In August 2009 Hamas-run public schools began requiring female secondary school pupils to wear the hijab, a head scarf, and the jilbab, a long-sleeved dress. So far, the results were measurable. Seventy percent of Gazan women now wear the hijab, compared with only 30 percent in the 1980s. Male teachers and administrative staff were forbidden to work at girls' schools, and the same rule applied to female teachers and staff concerning boys' schools.
Another pillar of Hamas' strategy is to seek international recognition and legitimacy. Hamas leaders claimed that Israel's international reputation was badly damaged during the 2008 Op Cast Lead Gaza conflict for the cost of "only 1,300 Palestinian lives."
Israeli soldier Gilad Shalit was held for more than five years by the Palestinian militant group Hamas. Hamas demanded that Israel free hundreds of imprisoned Palestinians in exchange for Shalit. Proof that Shalit was alive came in October 2009, when Hamas gave Israel a video showing him reading a statement while holding up a Gaza newspaper dated September 14, 2009. Israel objected to demands for the release of some prisoners convicted of deadly attacks against Israelis. But in the end, some of these prisoners were included in the exchange. In October 2011 Israel and Hamas – with Egypt's help – agreed to exchange 1,027 Palestinian prisoners in exchange for the one soldier.
Hamas fought a 23-day war with Israel from late December 2008 to January 2009. From November 14-21, 2012, Hamas fought another war with Israel during which it claimed to have launched more than 1,400 rockets into Israel. Prior to the confrontation, approximately 750 rockets had been fired into Israel from Hamas-governed Gaza, including one that killed three civilians in Kiryat Malachi.
Despite the Egypt-mediated ceasefire between Israel and Hamas in 2012, operatives from Hamas and Palestine Islamic Jihad coordinated and carried out a November bus bombing in Tel Aviv that wounded 29 people. In 2013, the Government of Israel continued to hold Hamas, as the dominant organization in effective control, responsible for the attacks emanating from Gaza; and Israeli officials point to these attacks as additional proof that Hamas has not abandoned terrorism.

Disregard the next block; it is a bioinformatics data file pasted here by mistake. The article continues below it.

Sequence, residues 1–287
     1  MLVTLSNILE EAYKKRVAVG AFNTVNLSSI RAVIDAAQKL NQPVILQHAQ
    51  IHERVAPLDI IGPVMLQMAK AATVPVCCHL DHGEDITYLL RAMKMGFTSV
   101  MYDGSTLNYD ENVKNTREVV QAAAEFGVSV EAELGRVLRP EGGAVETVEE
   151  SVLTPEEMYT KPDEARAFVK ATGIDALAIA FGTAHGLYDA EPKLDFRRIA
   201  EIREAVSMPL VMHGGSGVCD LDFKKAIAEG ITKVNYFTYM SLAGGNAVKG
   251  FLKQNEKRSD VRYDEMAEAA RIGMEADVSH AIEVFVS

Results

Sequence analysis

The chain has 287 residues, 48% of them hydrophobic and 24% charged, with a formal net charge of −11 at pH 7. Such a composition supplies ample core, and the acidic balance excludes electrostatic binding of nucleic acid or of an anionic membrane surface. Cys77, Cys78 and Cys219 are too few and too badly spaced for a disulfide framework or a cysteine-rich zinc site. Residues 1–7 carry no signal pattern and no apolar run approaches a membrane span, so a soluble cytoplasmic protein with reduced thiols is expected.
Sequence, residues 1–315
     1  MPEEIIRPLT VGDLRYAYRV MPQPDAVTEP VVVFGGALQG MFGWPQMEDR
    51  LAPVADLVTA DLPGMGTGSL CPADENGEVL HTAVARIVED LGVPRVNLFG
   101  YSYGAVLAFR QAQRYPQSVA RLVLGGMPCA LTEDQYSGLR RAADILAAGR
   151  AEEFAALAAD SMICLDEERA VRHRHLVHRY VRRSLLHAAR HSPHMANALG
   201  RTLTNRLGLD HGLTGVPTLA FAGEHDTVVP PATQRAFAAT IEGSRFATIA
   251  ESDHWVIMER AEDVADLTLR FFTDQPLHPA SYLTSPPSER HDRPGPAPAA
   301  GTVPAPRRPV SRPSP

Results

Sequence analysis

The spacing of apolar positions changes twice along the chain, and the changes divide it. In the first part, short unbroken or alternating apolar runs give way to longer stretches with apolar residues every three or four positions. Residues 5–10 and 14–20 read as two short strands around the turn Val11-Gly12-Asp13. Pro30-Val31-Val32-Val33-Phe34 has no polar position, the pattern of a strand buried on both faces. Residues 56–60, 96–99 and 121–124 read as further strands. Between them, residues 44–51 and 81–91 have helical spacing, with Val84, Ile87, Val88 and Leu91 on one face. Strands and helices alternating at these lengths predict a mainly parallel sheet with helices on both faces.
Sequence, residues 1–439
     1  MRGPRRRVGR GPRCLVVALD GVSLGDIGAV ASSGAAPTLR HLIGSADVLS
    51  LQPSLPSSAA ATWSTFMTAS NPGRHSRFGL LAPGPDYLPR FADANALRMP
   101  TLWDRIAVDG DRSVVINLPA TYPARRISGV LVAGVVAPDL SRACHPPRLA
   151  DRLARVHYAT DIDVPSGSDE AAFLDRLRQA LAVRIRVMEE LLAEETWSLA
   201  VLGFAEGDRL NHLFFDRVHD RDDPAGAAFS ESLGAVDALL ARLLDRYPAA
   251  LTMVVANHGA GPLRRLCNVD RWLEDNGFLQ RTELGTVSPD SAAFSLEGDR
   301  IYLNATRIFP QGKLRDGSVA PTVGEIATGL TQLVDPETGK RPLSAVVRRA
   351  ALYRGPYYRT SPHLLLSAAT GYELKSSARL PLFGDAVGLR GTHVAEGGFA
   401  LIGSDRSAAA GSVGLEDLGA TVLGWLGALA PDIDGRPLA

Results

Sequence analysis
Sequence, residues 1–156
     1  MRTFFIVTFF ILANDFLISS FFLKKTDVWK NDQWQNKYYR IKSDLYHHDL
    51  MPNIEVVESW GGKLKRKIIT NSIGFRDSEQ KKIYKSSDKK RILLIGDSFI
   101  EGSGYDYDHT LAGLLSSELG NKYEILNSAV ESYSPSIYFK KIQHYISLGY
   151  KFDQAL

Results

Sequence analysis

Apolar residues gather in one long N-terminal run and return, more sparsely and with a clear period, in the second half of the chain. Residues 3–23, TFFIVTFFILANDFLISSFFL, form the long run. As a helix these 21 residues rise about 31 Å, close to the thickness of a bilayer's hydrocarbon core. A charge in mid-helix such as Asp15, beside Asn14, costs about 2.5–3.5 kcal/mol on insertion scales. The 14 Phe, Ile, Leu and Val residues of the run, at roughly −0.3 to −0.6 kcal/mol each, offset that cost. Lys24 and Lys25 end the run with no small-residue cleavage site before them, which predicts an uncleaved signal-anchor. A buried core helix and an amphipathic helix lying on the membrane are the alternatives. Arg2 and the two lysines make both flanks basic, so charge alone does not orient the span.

After 2007 Hamas had full control of security in Gaza. Hamas' organizational structure is flat, with close connections between leaders and the grassroots. Loyalty within Hamas remains strong. During the 1990s HAMAS probably had several hundred members in its armed wing, the al-Qassam Brigades, along with its reported 6,000-man Executive Force and tens of thousands of supporters and sympathizers. By 2010 these numbers were surely much higher, as the HAMAS was the de facto government in Gaza. In 2013 the US State Department reported that several thousand Gaza-based operatives with varying degrees of skills were in its armed wing, the Izz al-Din al-Qassam Brigades, along with its reported 9,000-person Hamas-led paramilitary group known as the “Executive Force.”
Ahmed Eleiba, writing for al-Ahram on 20 July 2014, reported "The Ezz Al-Din Qassam Brigades, for example, can be regarded as a “standing army” consisting of some 7,000 soldiers. In other words, it is structured hierarchically and militarily like a standing army, to the degree that its soldiers receive a monthly salary equivalent to about $700 (although these salaries have been affected by the repercussions of recent inter-Palestinian political developments). Nevertheless, the number of people bearing arms and able to participate in combat in the Qassam Brigades, alone, may be as high as 25,000. Similar numbers would be distributed among the Quds Brigades, the military wing of the Islamic Jihad Movement, the Abu Ali Mustafa Brigades belonging to the Popular Front for the Liberation of Palestine (PFLP), the National Resistance Brigades, the military wing of the Democratic Front for the Liberation of Palestine (DFLP), the Mujahideen Brigades, which broke away from Fatah, and other smaller paramilitary groups."
Location/Area of Operation
During the 1990s the HAMAS had an operational presence in every major city within the Palestinian territories and focused its anti-Israeli attacks on targets in those territories and Israel. The group retained a cadre of leaders and facilitators that conducted diplomatic, fundraising, and arms smuggling activities in Lebanon, Syria, and other states. By 2010 the HAMAS presence in Judea and Samaria was reduced, while its presence in Gaza was greatly enlarged.